Fractional shares are changing the Canadian investing game

8 Minutes Read

Everything you need to know about these Slices of stock.


What's a fractional share?

A fractional share is a (less expensive) portion of a full share. For example, if it costs $100 to buy one share in Company A, then it would cost $50 to buy 50% of that share.

The magic of fractional investing!



How are fractional shares created?

Typically, the trading platform you're using – not the company you're investing in – will divide stocks into fractional shares.

However, sometimes a company ends up creating fractional shares when they split a stock.

Stock splits are an action companies take to create more stocks without affecting that company's market capitalization (a stat that tells you the value of all the stocks in a company added together). Instead of issuing additional stocks, a company will simply split up the stocks they have.

For example, if you buy a share for $100 and the company announces a 2-1 split (two shares for every one share), you'll end up with two shares worth $50.

The basic idea behind stock splits is to bring down stock prices and attract new investors.

Now, 2-1 isn't the only kind of stock split – and depending on how a company splits their stock, they could end up creating a fractional share. For example, a company might announce a 3-2 split (three shares for every two). If you own one stock, you'll end up with one and a half (a.k.a. a fractional share).


Why should you care about fractional shares?

Because fractional shares cost less than full shares.

Let me put it this way: did you know that one Tesla share costs more than $1,000 USD? If your first thought is I can't afford that – same! Higher priced stocks make it difficult for the average person to start investing, especially in big companies.

I mean, can you imagine if you could only buy potato chips 100 bags at a time? Like, maybe you don't want $500 worth of potato chips right now...but a bag would be nice.



That's why fractional shares are so cool – they save you from paying a minimum of $1,000 to invest in the top companies on your list. Instead, you can choose to invest as little as $1, giving you more control over how you invest your money (and making it easier to invest in your favourite stocks).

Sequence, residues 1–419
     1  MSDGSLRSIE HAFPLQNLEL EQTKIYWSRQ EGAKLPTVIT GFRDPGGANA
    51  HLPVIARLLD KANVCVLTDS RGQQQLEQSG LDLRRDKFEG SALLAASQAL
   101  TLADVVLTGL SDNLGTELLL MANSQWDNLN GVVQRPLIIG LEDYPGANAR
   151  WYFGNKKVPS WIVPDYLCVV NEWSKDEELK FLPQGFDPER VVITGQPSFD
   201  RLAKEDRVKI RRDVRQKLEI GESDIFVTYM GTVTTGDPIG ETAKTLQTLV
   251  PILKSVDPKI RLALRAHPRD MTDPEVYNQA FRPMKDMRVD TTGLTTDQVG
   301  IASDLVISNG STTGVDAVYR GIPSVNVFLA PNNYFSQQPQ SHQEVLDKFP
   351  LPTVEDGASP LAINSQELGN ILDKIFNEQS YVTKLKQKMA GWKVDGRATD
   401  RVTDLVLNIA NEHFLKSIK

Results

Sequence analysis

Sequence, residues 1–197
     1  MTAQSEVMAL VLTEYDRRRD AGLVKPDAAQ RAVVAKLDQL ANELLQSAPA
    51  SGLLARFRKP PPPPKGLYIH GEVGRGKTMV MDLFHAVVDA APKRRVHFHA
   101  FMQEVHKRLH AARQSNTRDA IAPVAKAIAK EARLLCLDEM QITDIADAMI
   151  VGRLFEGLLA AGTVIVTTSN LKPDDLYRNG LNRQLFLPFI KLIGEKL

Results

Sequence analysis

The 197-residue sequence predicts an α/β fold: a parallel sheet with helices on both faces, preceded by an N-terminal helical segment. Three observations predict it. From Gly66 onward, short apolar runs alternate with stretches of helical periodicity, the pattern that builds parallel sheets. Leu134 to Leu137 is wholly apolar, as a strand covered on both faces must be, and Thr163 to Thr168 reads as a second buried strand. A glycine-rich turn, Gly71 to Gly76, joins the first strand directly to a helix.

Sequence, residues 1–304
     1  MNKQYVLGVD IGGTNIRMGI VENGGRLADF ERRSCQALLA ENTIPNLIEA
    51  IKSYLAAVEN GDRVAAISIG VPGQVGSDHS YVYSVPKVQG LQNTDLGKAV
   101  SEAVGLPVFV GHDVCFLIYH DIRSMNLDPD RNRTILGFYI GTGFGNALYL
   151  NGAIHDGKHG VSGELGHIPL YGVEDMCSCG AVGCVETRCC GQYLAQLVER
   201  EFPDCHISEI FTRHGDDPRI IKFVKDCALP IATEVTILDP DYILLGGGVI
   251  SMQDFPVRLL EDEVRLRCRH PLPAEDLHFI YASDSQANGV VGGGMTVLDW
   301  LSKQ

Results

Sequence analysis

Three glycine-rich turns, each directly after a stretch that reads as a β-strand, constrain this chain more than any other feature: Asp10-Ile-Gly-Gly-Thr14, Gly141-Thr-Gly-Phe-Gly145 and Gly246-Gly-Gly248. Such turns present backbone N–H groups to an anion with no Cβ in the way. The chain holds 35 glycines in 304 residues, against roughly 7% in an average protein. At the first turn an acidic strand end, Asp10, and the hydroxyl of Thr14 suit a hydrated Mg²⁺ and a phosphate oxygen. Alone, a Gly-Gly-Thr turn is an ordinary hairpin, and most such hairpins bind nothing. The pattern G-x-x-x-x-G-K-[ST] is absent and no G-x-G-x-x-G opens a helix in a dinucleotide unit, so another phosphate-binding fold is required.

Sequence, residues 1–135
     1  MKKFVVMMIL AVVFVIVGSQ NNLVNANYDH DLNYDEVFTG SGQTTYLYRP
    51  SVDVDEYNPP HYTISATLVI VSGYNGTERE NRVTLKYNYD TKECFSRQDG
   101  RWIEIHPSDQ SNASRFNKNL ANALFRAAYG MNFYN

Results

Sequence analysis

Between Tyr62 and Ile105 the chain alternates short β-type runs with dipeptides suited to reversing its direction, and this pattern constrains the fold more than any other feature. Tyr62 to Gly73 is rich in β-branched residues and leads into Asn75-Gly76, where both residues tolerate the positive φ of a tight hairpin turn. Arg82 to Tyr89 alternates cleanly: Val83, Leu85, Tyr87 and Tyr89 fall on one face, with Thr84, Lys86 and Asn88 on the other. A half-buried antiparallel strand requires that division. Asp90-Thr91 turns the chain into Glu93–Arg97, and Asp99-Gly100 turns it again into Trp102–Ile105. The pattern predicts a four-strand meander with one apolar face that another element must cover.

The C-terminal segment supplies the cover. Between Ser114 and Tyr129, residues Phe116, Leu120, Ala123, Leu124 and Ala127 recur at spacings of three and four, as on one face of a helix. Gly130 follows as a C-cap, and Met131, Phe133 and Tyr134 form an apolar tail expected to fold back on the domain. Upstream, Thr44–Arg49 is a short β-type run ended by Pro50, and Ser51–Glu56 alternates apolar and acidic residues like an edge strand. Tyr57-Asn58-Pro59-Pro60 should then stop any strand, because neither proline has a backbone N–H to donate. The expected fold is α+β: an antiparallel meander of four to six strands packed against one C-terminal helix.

We love anything that makes investing accessible for all Canadians. Let me count the ways fractional trading is about to make your life easier and your personal finance game stronger.


Diversification, baby!


Minimizing risk

Diversifying your portfolio means spreading your investments across different categories (like companies, sizes, and even industries) so if something goes wrong, it won't bring the whole empire toppling down.

Picture this: you're on vacation and heading out for dinner. Before you leave, you put your passport, your credit cards, your phone, and all of your cash into a purse and bring it with you. Now, how much would it suck to lose that purse?

It's probably a little less risky to keep a bit of cash back at the hotel (with your passport) or even in your jacket pocket. That way, if you do happen to leave your purse on the subway, you aren't completely – um – flocked.



Same logic applies to stocks...

If you put all of your money into automotive companies based in the midwest, those stocks will probably react similarly to changes in the market (the price of fuel, for example).

On the other hand, if you invest in a few automotive companies, a tech company and a big financial firm, you won't lose all your money if automobiles are suddenly outlawed. (Okay, that's a stretch, but you get the picture).


Where do fractional shares come in?

Fractional shares allow you to spread your money across different stocks for example, investing $1,000 into four companies instead of just one. Suddenly, you have the benefit of diversification and you can still afford groceries. Win-win.


You can also buy fractional shares in ETFs!


Speaking of a diversified portfolio...

Exchange-traded funds (ETFs) are kinda like stocks that are made up of other stocks. They trade on the stock market with their own ticker symbol, and they contain a group of stocks, bonds or commodities.

Think about the S&P 500 – an index that tells you how the top 500 companies in the U.S. are performing. You might want to invest in a bunch of those companies, but that would take a lot of time (and money, if you're paying broker fees).

Instead, you could invest in SPDR ETFs and buy multiple stocks listed in the S&P 500 for a bundle deal.



This is just one example of an ETF – there are a lot of options out there. And get this: since ETFs are available as fractional shares, you can incorporate this diversification tool into your investing strategy for as little as $1.